It is unusual for an Olympic Games to arrive without a distant but approaching rumble of discord on the horizon. The Tokyo 2020/1 games, however, looks set to unfold in the shadow of a potential Mount Fuji-sized eruption of complex, largely non-sport-related toxic distractions.
Despite the year delay, there remains turmoil and protest in Japan against the games – many questioning the wisdom of thousands of people from around the globe coming together in the midst of a persistent and protracted pandemic. There is the ever-present spectre of doping. There is the volatile situation surrounding transgender representation in sport. And, of course, there is the horrific existence of beds made entirely out of cardboard.
I sincerely hope the games quickly becomes talked about as a result of the sport, but with anticipation levels at an unseasonable low, Tokyo currently finds itself a few laps behind.
To distance myself from the bubbling cacophony, I shall hereby eschew the dense, sprawling, overwhelming forest of events, disciplines and controversies, and seek calm and inner tranquillity by tending exclusively to the delicate bonsai tree that is Olympic tennis.
Last year, Ash Barty – knowing that her No.1 ranking was to be protected – decided to stay in Australia rather than travel the world playing tennis. And while her fellow competitors were slogging their guts out in a deserted, echoey Flushing Meadows, or on the cold autumnal clay at the postponed French Open, pictures emerged of Barty in her natural habitat: beer in hand, punching the air, watching the Richmond Tigers performing the Australian variant of football at The Gabba.
Her rivals may have grumbled privately about how a player could remain the top ranked player in the world despite not actually playing; but, partly due to the turbulent nature of Women’s tennis, no-one was able to take advantage of Barty’s absence and dislodge her from the number one spot.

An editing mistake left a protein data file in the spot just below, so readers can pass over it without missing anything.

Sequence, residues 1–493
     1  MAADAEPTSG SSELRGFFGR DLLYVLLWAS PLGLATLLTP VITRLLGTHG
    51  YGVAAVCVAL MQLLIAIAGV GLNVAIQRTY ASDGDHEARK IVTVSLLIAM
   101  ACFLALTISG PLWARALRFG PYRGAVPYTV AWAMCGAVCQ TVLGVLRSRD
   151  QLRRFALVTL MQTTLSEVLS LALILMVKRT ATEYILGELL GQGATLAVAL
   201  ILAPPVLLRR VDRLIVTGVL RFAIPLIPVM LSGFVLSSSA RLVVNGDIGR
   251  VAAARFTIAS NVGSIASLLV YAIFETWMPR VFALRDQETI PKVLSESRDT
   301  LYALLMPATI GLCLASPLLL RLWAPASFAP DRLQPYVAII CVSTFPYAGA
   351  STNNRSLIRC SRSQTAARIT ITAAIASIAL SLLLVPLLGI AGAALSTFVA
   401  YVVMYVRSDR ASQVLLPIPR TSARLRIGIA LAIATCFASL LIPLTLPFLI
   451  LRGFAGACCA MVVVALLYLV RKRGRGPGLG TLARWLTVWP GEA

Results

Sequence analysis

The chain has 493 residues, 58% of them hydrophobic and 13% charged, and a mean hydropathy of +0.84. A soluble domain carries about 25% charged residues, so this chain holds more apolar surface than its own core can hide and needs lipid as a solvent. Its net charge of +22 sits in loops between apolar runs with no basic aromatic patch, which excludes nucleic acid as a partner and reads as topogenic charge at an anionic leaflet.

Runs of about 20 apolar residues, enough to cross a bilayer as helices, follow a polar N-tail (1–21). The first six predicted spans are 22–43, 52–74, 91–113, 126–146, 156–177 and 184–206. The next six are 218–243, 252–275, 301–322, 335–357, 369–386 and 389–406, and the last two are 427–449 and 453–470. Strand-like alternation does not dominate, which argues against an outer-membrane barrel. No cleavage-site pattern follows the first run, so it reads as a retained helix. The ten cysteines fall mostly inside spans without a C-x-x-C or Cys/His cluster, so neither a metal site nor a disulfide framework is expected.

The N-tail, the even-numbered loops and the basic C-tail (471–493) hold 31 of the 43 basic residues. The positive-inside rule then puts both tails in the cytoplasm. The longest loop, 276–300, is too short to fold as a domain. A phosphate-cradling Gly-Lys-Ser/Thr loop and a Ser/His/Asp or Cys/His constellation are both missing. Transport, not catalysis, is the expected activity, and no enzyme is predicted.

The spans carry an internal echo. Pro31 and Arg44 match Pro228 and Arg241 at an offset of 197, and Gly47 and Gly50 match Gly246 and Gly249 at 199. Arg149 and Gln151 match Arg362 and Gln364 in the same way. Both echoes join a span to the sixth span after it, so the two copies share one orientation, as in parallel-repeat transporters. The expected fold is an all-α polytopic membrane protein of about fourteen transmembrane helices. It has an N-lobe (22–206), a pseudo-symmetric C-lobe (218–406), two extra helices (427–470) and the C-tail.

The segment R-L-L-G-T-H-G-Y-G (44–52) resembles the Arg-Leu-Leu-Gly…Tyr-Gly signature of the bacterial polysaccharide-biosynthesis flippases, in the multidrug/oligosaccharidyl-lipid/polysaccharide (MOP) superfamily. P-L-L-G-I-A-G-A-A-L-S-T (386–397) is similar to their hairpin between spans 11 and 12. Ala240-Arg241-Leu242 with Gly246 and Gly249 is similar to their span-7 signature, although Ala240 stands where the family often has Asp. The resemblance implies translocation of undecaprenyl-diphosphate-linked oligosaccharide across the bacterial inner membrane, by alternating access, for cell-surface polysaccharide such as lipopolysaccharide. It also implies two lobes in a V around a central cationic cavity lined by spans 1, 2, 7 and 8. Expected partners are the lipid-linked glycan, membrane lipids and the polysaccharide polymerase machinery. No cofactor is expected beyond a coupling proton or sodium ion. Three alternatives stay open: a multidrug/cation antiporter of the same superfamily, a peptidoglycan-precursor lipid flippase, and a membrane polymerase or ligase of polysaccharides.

Barty is now back on the tour and her recent Wimbledon triumph rubber-stamped her ranking, emboldening the claims that she is indeed the best player in the world. What makes the Women’s Singles Olympic draw particularly interesting is that it pitches Barty opposite the current world No.2, the most talked-about player in Women’s tennis; and a player who, like the Australian, has taken a recent break from the sport…though for very different reasons…
Following her unexpected withdrawal from the French Open in early June, Naomi Osaka has played no competitive tennis. But she has brought out her own Netflix documentary, launched a Barbie doll in her image, appeared on the front cover of Sports Illustrated’s Swimsuit Issue, and accepted the ESPY award for being the Best Female Athlete.
Observers will now be keen to see if Osaka can justify her lofty WTA ranking, as well as the enormous exposure. A sought-after and saliva-inducing final between the contrasting characters and top 2 seeds would take place on July 31st.
Further pressure will be heaped upon Osaka as one of the faces of the host nation, but also from the top players in her half of the draw looking to cause an upset – Poland’s Iga Świątek would be her Quarter-Final opponent, and Wimbledon runner-up Karolina Pliskova could lurk menacingly in the semis. Barty’s biggest challenges will come in the guise of the Belarusian, Aryna Sabalenka, and another in-form Czech, Barbora Krejčíková, whose continued, impressive 2021 displays have proved her French Open victory was no fluke.
The Men’s Olympic draw is significantly depleted due to a lot of big names choosing to play the Citi Open in Washington DC instead – where they will be able to bask in the adulation of a packed stadium, rather than gaze into the soulless abyss of an empty arena in Tokyo. Novak Djokovic will be in Japan to contest the gold medal, however, where chances of an upset have been significantly increased by the fact that all matches will be played in a best-of-three-set format.
The time-difference will undoubtedly make for some red eye-generating, late-night/early morning Olympic viewing for me, but I’ve made my cardboard bed and now I’m going to lie in it. Somehow.